No-Fault Divorce South Carolina

Every state has its own set of divorce laws. So what’s it like to file for a no-fault divorce in South Carolina? Divorce itself is a painful process, but you can make it easier by consulting a reliable no-fault divorce South Carolina lawyer. 

At Sarah Henry Law, we offer careful guidance through your no-fault divorce process. Reach out to a lawyer to learn more about this process. 

What is No-Fault Divorce?

A no-fault divorce is when you file a divorce based on living apart for more than one year. The lack of fault grounds  gives the impression that no-fault divorce will be easier than at-fault divorce. 

But filing for a no-fault divorce in South Carolina can be complex, especially if you aren’t familiar with the state divorce laws. If you’re the petitioner, filing a no-fault divorce in South Carolina calls for the following steps.

Check Eligibility for a No-Fault Divorce

South Carolina has requirements other than grounds for divorce. Talk to your lawyer if you’re concerned you don’t meet the following requirements: 

  • The One-Year Rule – You and your spouse must have lived apart and separately from each other and not cohabited for one full year. Living in separate rooms in the same house does not qualify. Have an independent witness to prove your compliance with the one-year rule.
  • Residency – If you are both South Carolina residents, you must have lived in the state for at least three months before filing for a no-fault divorce; otherwise, you must have a minimum one-year residency

Preparing to File for a No-Fault Divorce

You must draft and file a complaint for divorce. You will also need to complete a financial declaration outlining your finances for review by the court. An attorney will walk you through how to complete the financial declaration and interpret your assets, debts, and income.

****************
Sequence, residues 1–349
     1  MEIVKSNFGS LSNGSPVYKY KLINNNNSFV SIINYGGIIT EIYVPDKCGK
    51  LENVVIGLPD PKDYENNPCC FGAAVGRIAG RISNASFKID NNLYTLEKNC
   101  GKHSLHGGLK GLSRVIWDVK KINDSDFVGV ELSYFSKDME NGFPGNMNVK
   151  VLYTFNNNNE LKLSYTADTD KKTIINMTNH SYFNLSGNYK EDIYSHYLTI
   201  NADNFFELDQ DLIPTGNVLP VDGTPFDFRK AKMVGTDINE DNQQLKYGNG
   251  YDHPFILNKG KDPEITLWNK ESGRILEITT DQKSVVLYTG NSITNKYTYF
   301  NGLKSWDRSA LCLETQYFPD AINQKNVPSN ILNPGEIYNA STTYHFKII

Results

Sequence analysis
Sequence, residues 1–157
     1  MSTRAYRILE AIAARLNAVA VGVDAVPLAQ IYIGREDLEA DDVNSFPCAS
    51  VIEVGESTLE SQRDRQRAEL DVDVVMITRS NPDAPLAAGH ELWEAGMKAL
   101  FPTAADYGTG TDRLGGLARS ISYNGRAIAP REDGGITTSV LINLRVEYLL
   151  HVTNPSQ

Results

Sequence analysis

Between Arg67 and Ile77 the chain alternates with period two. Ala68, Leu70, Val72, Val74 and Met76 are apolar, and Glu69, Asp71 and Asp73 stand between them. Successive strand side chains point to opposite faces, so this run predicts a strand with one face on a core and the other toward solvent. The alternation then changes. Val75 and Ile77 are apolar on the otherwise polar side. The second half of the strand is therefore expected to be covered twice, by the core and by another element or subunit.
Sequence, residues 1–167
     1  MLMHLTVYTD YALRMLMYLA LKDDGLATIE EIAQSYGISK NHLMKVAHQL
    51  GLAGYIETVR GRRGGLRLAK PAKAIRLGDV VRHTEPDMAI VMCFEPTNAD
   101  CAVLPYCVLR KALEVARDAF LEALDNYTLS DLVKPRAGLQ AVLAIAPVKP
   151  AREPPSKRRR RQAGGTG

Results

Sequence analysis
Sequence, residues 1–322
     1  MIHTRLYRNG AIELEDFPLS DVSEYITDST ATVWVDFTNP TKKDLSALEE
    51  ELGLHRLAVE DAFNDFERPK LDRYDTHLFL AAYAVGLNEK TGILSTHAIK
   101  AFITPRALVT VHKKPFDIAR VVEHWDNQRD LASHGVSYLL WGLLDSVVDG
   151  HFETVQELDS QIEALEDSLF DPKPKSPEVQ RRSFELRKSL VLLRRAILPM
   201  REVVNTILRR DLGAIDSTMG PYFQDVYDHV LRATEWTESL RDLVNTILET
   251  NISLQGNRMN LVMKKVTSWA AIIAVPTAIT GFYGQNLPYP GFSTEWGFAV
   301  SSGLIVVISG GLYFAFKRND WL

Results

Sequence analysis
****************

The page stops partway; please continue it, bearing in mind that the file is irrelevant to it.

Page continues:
You may also choose to draft and file a motion for a temporary hearing to protect your assets during the litigation. 

File Your Divorce Papers

Your attorney will ensure that you are filing your pleadings with the clerk of the family court in the correct jurisdiction. This can change depending on which party is filing, and the existence of prior orders. Usually, the jurisdiction is one of the following counties:

  • Where you last lived with your spouse
  • Where your spouse currently resides
  • Where your spouse lives if you’re not currently residing in South Carolina
  • Where you currently live if your spouse is not residing in South Carolina

Your lawyer can help you determine your best option for filing. If you have any questions about the process, an attorney can provide you with the answers you need. 

You’ll also need to pay a filing fee. If you cannot afford it and you qualify, you may be able to file a Motion and Affidavit to Proceed In Forma Pauperis to proceed without paying the fee. 

Serve the Papers on Your Spouse

You have several options for serving divorce papers. The most reliable and efficient way to serve your paperwork on your spouse is to use a process server. They will perfect the service and provide a service affidavit that can be used to prove service if there is an issue. Your attorney will arrange the service of your pleadings on your behalf and inform you when your spouse has been served.

Whatever option you use, your attorney will file a proof of service with the court. This can protect you if your ex-spouse claims you never served the papers. 

Finalize a No-Fault Divorce with a Lawyer’s Help

Your spouse’s response to the petition will determine the next steps. There is no one-size fits all way of proceeding with the divorce process, but your lawyer can make the process easier for you. 

Because of the complexity of divorce proceedings, you may need the services of a trusted lawyer with experience in family law. If you or someone you know plan to file a no-fault divorce in South Carolina, reach out to us. Call 864-478-8324 or complete the following online contact form. 

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